“And wise men came from the East”

Strike slightly south-west from Baghdad and after a long camel ride of something like a thousand kilometres you would come to the little town of Bethlehem. As it seems there was little between them apart from desert, the guidance of a star for the wise men would have been most welcome. Having been in the desert a few times, and the Nubian desert once (not by camel but in a 4-wheel drive), I can tell you that at night, unless you are hunkered down for a doze, navigation can be quite difficult. As a child, “desert” meant a very large beach of pretty flat sand. Then school books showed undulating seas of sand in the Sahara. I little dreamed then I would cross a proper one. In doing it, with all mod cons and a 4WD, I was aware of the hardships the desert travellers of olden times must have faced.


My work used to take me to the Middle East and I often flew over the deserts. Looking down, one seldom saw terrain devoid of man’s activities. Even in the wildest desert spaces there were camel trails and signs of life. And then I had the chance to see a desert at first hand, when I was asked to plot a tourist itinerary across the Nubian desert from southern Egypt to Khartoum, the capital of Sudan. In a four day trip, hard white cheese, tomatoes and flat dry bread provided most meals. The “desert” was far from empty and evidence of old civilisations was considerable.

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A Polish archaeological team was working on excavation of the remains of a Nubian city. It was dated from the third and fourth centuries AD, they told us, and in what had been a very populous area, there was evidence of at least two hundred Christian churches. The Poles had put up what was for the area a sophisticated single-storey structure, with proper doors and windows, of mud brick and timber, which comprised a couple of dormitories, a sitting room, dining area and kitchen. There we had a European meal – the only one of our “safari” – a very presentable lamb stew, rice, salads, fruit, cheese, Polish Vodka and bottled water to accompany.

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Our route was quite direct across the desert, whereas the life-giving Nile meanders quite a bit. So we crossed it several times, on small ferry boats. At each crossing point, fruit and vegetable sellers were in evidence – where they came from I cannot guess. So fresh tomatoes were frequently available.

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Whilst hours could be spent driving across sandy wastes, signs of life were regular and diverse. At a Nile crossing a fairly ancient truck disembarked from the ferry, containing about a dozen fairly ancient and intrepid French men and women. They had purchased the truck in Cairo, equipped it and driven down through Egypt and were making for Cape Town, South Africa! We also encountered the annual drive of thousands of young camels from    Sudan to Cairo, where they would be slaughtered and their meat  sold.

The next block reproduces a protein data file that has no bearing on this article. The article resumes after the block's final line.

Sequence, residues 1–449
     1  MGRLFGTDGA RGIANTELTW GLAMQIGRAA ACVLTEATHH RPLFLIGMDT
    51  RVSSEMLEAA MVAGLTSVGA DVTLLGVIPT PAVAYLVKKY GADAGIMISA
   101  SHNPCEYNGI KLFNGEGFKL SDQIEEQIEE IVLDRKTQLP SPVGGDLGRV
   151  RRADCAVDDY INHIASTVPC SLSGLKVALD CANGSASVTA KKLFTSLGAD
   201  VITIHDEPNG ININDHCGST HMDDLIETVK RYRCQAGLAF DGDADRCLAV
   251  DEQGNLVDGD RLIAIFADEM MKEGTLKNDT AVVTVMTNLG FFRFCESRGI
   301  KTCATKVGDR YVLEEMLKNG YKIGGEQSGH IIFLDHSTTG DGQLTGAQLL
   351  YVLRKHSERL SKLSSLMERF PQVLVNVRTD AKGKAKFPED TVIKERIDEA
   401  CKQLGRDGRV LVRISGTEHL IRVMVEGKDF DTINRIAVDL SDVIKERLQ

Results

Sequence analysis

Old meets new. The standard village transport was the small, white Nubian donkey (the little white donkeys you sometimes see in Cyprus are undoubtedly of the same breed) Our transport was a Nissan 4WD, well loaded with a couple of spare wheels and large plastic drums of water (enough for some days). The standard motorised desert vehicle was the Bedford truck, always fully loaded with people and/or cargo. 



Passengers carried their own food, often the ubiquitous tomato, cheese, flat bread, rolled up, and fruit such as apricots.

One night we needed to catch up on time, so drove through the star-lit desert, guided by a particularly bright star and compass. On a flat hard- sand section, we spied a small light and drove to it. “Motorway rest-stop”, our guide said. We found a small tent, a little brush wood fire and an Arab boiling cans of water for tea. We had some, for which he would expect no payment. Our leader left him tomatoes, cheese and topped up his water tins. This was greeted with a litany of thanks to us and to Allah the Almighty.

Knowing of the dangers of drinking the local water we had brought with us an American-made water filter called “H2OK”, which looked somewhat like a Thermos flask. It had been developed for NASA space missions and apparently could handle anything, including one’s own urine if necessary, strained through various charcoal and other filters to produce a flow of clean and drinkable water from a little tap at the base. This aroused profound interest and amusement wherever we used it. On one such occasion, when my colleague explained in Arabic that you could actually pee in it and drink the resultant water, all the assembled company wanted to have a go. One bold fellow stepped forward and started to lift his gallabia to the raucous encouragement of the others. We dissuaded them from such actions.

What happened to my “Tourist Trail” across the Nubian desert? Alas, nothing. A few weeks after I submitted our feasibility study, a civil war broke out in the south of Sudan, shutting down all tourism development. However, it seems there is now a tarmac road from Wadi Halfa to Khartoum, straight as a die for much of the way, and about 12 hours is allowed for the journey. A shrinking planet indeed!

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